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Complacency kills: how businesses can avoid self destruction

October 3, 2012
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we can do it Complacency kills: how businesses can avoid self destruction

Witnessing how a business can self destruct

Being in Commercial Real Estate, I get to see and interact with a lot of businesses, typically in the startup phase, or at their go/no go decision point. Unfortunately, because of this, I also get to see how a business can self destruct. In that spirit, I thought it would be useful to do a self-help for businesses check list with ten basic steps.

How to build a great company

  • Have a great plan.

This one is the most basic of them all. I mean draw it out not just in a business plan type format, but draw out everything. Communication channels, sales, and marketing channels, who key players are, etc. Create everything on paper and put it in the blueprint.  Without the blueprint and the set of directions, how are you going to know what the finished product will look like?

  • Accept interdependence.

Each department in your company cannot function independently. The accounting department can’t work without the marketing department, the marketing department can’t work without the mailroom, etc. No one division stands alone, and yes, that includes the leadership. All the departments are interrelated and cannot function independently.



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  • Vocalize the vision.

Sometimes things change throughout the lifespan of a business. The vision is not one of those. You need to have laser-like focus to keep things together, however, as a custodian of the vision, it is just as important to be the bullhorn. Make sure all members can articulate the vision of the company. This will result in all members exerting the company values to other members and to the customer base.

  • Share responsibility.

If it’s no one’s fault, it’s everyone’s fault. It is up to every member to accept the responsibility not only for themselves, but for the department, the task, and the entire company. Likewise, the buck stops with each member because without shared responsibility for the company, the buck literally will stop.

  • All decisions support the mission.

Put your self-interest behind the company mission. Always. All decisions must be made for the best interest and for the good of the entire company, not just for the task at hand, or what your department is working on, or for the size of the bonus you may get at the end of the year. Don’t just be mission critical, that’s short sighted, be company critical for long term growth.

  • The money map.

Show me your budget and I’ll show you what your focus is. I know this one hurts, but it’s true – you spend resources on what you care about. You can literally draw a money map from start to finish and follow where the money goes, and what result you achieve. Now something about this you may want to reconsider: if the money is not being returned on your map, you should also be able to visibly see where the money is not going and therefore you should not expect money to be returned without investment. See how that works?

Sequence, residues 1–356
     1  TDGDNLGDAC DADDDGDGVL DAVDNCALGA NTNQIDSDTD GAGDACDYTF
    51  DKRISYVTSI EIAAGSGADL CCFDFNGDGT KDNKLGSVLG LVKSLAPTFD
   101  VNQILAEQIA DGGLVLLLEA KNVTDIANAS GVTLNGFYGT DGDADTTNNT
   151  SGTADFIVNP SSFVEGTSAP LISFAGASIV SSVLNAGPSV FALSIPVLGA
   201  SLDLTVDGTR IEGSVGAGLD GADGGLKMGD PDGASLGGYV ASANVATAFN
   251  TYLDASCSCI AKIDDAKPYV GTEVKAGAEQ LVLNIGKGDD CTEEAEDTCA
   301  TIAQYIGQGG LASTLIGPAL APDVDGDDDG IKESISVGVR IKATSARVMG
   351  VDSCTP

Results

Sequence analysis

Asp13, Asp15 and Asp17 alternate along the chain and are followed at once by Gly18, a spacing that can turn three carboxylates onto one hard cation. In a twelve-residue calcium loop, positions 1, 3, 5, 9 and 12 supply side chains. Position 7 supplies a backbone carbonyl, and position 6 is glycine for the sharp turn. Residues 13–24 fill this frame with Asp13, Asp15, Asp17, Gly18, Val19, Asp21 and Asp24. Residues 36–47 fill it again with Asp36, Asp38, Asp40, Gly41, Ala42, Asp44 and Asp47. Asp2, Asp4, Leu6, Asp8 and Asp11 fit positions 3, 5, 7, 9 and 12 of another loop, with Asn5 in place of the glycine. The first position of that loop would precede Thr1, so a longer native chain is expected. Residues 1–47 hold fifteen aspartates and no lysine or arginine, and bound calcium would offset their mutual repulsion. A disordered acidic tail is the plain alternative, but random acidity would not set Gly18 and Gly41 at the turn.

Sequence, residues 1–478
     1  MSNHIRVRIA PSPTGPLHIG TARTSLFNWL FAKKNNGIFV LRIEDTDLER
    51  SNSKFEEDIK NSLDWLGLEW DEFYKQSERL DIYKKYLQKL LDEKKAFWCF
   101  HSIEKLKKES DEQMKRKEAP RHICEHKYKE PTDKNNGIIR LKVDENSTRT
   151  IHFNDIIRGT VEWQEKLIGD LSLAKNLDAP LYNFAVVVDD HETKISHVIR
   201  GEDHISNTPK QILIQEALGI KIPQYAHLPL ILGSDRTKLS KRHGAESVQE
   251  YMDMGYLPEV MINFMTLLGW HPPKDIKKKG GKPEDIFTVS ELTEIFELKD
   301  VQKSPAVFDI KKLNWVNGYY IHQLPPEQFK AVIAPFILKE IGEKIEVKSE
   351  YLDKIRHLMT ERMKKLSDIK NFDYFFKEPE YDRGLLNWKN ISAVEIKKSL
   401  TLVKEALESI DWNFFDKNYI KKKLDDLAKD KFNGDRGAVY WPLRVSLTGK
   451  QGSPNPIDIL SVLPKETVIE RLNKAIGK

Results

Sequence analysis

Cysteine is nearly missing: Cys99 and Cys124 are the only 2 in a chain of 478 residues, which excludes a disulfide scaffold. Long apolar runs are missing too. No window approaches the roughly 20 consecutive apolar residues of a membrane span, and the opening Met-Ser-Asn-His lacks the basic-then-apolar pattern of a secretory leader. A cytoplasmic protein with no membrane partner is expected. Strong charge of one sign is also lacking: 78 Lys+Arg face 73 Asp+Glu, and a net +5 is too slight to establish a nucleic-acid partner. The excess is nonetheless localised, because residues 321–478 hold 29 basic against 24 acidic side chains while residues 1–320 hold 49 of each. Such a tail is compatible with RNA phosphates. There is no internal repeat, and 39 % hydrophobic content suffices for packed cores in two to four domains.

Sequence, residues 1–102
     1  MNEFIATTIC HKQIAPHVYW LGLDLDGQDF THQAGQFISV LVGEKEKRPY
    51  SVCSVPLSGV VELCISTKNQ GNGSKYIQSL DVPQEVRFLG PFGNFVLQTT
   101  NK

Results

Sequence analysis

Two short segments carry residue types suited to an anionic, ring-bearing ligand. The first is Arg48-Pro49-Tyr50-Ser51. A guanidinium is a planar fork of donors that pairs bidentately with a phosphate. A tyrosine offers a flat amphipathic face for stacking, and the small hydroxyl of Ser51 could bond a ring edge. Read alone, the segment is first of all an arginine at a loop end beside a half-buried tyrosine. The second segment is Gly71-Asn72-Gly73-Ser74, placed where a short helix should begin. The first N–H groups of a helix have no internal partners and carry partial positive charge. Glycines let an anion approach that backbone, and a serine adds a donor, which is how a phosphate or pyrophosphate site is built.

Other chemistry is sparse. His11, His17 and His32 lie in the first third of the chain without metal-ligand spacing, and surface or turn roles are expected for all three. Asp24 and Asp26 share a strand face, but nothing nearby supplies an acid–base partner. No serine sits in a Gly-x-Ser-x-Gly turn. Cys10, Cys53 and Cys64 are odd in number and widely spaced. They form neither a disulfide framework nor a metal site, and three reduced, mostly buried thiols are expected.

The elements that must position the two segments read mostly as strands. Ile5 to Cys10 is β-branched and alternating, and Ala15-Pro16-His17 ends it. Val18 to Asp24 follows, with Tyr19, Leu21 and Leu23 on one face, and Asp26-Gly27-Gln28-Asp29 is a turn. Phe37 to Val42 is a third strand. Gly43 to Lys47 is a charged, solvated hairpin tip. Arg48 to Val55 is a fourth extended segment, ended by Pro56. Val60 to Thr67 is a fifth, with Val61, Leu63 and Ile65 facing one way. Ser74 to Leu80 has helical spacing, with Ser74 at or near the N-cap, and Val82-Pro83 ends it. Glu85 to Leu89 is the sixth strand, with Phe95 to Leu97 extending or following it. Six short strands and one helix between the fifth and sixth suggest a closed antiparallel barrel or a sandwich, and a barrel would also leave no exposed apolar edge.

• Be results driven.

Evaluate your results on a line item basis. If your results are lacking, determine why and make changes as soon as possible. Train other members to do the same. Mark, measure, repeat. You’ve heard it said that if it’s not measured, it doesn’t get done. It’s true. Draw timelines. Draw results. Expect results.

  • Revive to survive.

Get up and change seats! Never be afraid or set in stone that you can’t changes things up a bit. New blood is always good. Change the responsibilities and tasks around, find new strengths in others. Expect new leadership. Complacency kills. Switch things up sometimes.

  • Never shut an open book.

No mission is ever finished. As long as a company is in business, the book is still being written. No job is ever done. Keep it that way. Even after a successful endeavor, go back and try to figure out how to make it better. Never stop growing and seeking new business channels as long as they all point back to the vision of the company. An open book should ever be closed. Besides, it’s bad luck anyway.

  • Culture of accountability.

This sometimes gets lost among the day to day hustle and bustle. It’s vitally important to instill accountability measures and only accept accountability. If there is an area lacking in results, define the reason, accept no excuses. Hold people, the mission, and the entire company accountable for success. Help figure out why there is a deficiency and correct it.

The takeaway

By implementing these simple steps into your organization, every fiber of your culture will benefit and keep your business afloat. Complacency kills, and consistent grooming is a survival tactic. Take a look at your accountability, your methods, and your blueprints, and don’t just seek out weaknesses, attack them wholeheartedly.

With 16 years of industry experience, earning his CCIM designation in 2007, Smith has held various leadership positions from CCIM Chapter President, CCIM Institute Regional VP, to Partner at McFalls & Smith International Development. Today, Smith is a commercial sales expert at Prudential PenFed Realty's Commercial Division, an Advisory Board Member at the University of Baltimore's Merrick School of Business, and a Professor at the Professional Development Institute. Smith has educated hundreds of REALTORS, investors, and small business owners, helping them find success through Commercial Real Estate.